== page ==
GM Crops Said 'Planted
For Years By Mistake'
By Nick Nuttall - Environment Correspondent
Farmers in Britain may have been unwittingly planting a range of genetically modified crops for several years, according to a seed-testing laboratory in the United States.
Genetics ID, based in Fairfield, Iowa, screens agricultural produce for genetic modifications, including seeds exported to Europe. Its latest tests show that more than half of 20 random samples of what are supposed to be conventional seeds contain some level of GM produce.
Referring to the disclosures last week that around 600 farms in Britain have been planting oilseed rape contaminated with GM seeds for two years, Jeffrey Smith, vice president of the company, told New Scientist magazine: "My guess is that it happens all the time". Mr Smith said that 12 out of 20 samples of maize, which in North America has been modified to be herbicide or pest-resistant, contained up to 1 per cent of GM produce.Small amounts of maize is grown in Britain as sweetcorn with more grown for livestock.
Greenpeace said yesterday that it had evidence that between 5 and 15 per cent of the European maize crop may be contaminated with GM. The group refused to release its evidence, claiming it would compromise its source.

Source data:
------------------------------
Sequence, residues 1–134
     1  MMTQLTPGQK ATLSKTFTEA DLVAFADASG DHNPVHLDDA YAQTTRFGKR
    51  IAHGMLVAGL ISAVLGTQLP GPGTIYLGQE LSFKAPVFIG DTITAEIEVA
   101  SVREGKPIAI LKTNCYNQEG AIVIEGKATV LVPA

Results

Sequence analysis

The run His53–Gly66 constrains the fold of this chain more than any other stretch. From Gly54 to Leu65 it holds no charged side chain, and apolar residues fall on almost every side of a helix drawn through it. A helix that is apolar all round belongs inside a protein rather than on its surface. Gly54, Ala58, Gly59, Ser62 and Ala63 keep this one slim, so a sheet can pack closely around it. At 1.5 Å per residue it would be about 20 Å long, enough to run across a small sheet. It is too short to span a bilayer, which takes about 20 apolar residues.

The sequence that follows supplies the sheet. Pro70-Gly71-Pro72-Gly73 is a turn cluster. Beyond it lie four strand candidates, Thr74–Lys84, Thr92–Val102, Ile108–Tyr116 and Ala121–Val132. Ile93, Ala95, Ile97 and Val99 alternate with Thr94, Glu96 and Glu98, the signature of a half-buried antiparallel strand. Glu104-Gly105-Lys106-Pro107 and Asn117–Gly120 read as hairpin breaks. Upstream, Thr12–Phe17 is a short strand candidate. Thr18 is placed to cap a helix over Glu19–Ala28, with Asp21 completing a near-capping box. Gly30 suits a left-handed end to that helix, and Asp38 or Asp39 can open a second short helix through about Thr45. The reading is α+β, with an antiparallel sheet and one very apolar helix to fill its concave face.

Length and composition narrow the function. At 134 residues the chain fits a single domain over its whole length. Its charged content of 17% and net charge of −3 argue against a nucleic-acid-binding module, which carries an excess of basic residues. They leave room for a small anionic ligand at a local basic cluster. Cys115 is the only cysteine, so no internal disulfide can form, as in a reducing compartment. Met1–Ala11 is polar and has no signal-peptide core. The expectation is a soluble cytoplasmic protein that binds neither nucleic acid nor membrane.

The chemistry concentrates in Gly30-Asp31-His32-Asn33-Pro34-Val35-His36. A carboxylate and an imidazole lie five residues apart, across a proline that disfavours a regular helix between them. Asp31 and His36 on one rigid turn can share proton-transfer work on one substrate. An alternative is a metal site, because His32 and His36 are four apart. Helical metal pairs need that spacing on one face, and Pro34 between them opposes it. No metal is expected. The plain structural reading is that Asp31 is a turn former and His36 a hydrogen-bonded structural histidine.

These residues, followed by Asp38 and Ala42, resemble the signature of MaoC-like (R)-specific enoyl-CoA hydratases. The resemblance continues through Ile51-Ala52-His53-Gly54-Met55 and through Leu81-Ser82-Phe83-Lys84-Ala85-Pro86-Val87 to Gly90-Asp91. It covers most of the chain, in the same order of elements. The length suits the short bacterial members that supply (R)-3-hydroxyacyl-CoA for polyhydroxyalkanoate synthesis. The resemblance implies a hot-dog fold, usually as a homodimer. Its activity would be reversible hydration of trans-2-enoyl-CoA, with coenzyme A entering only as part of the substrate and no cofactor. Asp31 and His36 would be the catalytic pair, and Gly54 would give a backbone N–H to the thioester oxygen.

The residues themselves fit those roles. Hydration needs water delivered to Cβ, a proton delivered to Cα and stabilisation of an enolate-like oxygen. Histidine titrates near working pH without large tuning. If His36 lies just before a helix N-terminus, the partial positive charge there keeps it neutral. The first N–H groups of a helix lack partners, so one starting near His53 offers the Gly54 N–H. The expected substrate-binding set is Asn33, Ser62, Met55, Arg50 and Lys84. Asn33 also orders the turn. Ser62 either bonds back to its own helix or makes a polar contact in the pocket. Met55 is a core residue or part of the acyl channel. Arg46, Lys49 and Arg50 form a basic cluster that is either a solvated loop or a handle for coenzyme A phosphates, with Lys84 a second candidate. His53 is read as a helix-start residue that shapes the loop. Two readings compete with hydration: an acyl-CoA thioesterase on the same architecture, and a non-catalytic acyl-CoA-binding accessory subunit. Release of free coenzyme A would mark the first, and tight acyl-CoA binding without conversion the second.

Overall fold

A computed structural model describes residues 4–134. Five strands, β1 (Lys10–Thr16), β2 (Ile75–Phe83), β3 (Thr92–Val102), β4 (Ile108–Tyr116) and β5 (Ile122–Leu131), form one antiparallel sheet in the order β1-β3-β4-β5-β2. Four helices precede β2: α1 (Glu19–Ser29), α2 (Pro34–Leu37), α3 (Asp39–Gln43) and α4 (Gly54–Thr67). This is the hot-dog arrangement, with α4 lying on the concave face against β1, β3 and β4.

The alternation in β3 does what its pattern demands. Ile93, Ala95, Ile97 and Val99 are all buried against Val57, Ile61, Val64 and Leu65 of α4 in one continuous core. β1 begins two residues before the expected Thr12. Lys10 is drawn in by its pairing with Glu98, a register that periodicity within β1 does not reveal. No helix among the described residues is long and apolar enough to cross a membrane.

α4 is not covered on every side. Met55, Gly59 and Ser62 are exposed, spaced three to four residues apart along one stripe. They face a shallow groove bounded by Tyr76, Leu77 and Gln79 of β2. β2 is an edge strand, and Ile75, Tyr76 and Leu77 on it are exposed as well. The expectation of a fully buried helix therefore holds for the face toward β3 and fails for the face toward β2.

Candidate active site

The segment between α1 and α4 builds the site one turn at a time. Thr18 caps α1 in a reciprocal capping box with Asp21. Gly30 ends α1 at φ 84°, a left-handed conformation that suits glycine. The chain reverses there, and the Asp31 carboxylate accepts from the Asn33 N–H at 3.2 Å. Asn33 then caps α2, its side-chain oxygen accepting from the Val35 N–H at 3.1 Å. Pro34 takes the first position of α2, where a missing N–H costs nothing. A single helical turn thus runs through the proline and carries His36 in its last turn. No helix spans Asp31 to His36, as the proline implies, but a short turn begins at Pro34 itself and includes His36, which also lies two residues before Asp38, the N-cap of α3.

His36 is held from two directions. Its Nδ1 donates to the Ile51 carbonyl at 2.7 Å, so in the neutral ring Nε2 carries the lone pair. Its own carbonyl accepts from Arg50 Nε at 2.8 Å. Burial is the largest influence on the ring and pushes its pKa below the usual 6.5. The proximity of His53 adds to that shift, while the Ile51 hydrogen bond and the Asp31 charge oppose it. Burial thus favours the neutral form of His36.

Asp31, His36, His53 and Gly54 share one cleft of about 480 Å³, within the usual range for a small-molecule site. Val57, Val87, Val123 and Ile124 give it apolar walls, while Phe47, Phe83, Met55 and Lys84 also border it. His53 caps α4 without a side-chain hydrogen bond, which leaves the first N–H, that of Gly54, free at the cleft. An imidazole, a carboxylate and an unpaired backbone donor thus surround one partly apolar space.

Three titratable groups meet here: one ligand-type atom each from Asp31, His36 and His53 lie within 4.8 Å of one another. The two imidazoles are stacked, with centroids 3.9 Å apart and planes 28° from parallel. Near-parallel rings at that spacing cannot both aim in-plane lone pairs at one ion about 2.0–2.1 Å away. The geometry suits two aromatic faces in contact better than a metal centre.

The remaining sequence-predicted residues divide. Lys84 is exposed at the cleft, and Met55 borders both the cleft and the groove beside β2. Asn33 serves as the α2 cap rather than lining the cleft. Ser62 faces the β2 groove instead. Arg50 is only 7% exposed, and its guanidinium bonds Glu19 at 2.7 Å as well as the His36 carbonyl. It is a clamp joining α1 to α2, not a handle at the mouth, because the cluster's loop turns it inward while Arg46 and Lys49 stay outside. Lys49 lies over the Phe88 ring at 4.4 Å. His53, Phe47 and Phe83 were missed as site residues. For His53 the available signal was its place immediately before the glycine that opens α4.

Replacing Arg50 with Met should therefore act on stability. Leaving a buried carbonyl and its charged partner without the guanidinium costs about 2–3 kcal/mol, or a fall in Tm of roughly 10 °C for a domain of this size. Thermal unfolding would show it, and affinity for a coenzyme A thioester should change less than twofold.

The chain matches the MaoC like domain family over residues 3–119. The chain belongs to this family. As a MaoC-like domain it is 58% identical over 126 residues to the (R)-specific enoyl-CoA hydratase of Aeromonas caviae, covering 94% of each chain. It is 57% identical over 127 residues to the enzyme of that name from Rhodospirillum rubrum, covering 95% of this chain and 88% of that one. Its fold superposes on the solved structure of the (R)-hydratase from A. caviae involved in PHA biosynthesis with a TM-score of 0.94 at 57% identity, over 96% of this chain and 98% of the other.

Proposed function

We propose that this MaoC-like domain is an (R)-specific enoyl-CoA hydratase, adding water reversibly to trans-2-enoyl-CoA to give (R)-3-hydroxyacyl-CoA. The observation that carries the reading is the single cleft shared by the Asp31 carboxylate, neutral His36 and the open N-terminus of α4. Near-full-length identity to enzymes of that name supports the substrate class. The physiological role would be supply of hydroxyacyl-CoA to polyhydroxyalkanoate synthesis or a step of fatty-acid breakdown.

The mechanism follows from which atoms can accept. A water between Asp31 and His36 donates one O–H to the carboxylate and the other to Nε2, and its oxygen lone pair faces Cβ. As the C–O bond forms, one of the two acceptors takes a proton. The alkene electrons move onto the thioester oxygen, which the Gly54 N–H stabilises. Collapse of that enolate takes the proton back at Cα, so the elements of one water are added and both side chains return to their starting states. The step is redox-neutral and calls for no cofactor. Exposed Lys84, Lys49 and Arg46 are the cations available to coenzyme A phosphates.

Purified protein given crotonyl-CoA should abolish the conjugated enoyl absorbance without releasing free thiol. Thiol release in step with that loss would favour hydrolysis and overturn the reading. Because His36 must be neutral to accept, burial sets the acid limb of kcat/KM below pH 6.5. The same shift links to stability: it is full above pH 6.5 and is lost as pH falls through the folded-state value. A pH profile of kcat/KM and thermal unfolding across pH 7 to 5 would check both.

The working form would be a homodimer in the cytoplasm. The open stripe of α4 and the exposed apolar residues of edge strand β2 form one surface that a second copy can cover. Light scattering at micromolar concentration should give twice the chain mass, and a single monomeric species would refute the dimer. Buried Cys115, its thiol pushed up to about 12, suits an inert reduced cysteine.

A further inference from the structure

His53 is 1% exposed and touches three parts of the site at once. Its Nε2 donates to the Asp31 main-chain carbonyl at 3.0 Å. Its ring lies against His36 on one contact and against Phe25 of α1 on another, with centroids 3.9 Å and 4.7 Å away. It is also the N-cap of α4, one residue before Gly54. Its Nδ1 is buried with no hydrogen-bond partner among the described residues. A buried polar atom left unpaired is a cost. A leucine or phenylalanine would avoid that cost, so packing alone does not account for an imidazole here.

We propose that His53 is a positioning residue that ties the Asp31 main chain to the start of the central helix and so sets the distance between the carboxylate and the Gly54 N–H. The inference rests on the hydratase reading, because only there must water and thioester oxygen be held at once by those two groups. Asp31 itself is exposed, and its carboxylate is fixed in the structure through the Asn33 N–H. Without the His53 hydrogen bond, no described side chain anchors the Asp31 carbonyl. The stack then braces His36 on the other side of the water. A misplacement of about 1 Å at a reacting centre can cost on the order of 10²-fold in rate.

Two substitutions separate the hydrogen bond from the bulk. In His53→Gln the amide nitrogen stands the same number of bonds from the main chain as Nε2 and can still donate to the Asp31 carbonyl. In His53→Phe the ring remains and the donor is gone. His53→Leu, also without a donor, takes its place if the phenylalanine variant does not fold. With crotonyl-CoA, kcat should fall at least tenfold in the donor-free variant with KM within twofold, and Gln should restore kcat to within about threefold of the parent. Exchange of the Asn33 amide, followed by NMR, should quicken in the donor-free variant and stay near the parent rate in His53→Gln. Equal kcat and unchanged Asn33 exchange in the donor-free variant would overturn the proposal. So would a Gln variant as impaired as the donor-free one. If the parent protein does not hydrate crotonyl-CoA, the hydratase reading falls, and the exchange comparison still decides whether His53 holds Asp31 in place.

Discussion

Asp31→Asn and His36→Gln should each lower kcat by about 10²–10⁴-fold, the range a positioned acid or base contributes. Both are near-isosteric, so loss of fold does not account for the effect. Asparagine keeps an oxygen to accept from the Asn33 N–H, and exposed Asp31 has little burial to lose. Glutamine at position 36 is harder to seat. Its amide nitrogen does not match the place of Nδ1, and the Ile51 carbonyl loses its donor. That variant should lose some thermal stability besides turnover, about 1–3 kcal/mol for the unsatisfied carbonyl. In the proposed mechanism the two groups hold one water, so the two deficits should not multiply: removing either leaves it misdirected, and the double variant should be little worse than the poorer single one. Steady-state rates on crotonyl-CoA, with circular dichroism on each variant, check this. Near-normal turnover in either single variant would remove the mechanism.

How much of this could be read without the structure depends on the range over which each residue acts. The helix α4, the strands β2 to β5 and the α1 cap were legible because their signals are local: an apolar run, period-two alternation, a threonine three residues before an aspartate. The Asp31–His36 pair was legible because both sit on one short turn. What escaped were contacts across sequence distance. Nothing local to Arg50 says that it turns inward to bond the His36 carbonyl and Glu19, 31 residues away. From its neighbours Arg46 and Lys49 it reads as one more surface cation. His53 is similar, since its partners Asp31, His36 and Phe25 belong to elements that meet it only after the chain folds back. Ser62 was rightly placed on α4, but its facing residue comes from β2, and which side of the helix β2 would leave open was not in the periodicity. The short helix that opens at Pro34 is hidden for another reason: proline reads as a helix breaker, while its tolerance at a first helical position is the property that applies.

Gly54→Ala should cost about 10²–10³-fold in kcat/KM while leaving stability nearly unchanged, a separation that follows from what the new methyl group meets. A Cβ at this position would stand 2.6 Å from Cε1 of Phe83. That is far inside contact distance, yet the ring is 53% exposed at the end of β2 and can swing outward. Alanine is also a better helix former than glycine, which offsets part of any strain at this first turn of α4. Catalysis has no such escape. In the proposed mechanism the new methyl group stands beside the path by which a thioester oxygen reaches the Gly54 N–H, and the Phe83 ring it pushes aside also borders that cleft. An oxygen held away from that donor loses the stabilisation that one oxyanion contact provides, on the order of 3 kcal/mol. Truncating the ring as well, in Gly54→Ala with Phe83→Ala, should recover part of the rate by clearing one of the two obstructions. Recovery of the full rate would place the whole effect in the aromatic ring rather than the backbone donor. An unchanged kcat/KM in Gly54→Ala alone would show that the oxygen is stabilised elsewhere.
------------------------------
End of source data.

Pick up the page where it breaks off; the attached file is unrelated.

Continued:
Another imported crop which may be affected is soya beans. Of 491,000 tonnes of soya imported into Britain, 5,000 might have been genetically modified. The exact number that may have been sown is unknown because the Ministry of Agriculture does not keep records of how much is turned into food and how much goes to farms. A spokeswoman for the ministry said that it would not dispute Genetic ID's claims: "We cannot be sure that imported seed is not contaminated," she said.
The Government, in the wake of last week's news that 600 farms may have planted GM oilseed rape, has called for tighter international regulations and will start carrying out spot checks on imported seed early next month.
The Marquess of Lansdowne, who has a 540 acre arable farm near Dunkeld, Perthshire, yesterday revealed that he had destroyed some 250 acres of GM-contaminated oilseed rape. In a letter to The Times he said that the cost of weedkiller, labour and replanting the land would cost him at least £5,000 and demanded that the Government pays compensation. He said that the Ministry of Agriculture could have informed farmers on or around the April 17, which was two weeks before he sowed his crop.
Sweden and France also obtained the contaminated oilseed rape from Canada. In Sweden yesterday, the agricultural board said that all GM oilseed rape would be destroyed by July 7 unless farmers obtained a special permit. By allowing some to keep it, the board was "respecting the views" of genetic experts. The French Government will decide this week whether to order the destruction of 600 hectares of GM oilseed rape.
The British Government has lost another farmer from its GM trials after objections from local residents. John Moore abandoned plans to grow GM oilseed rape in Warwickshire.


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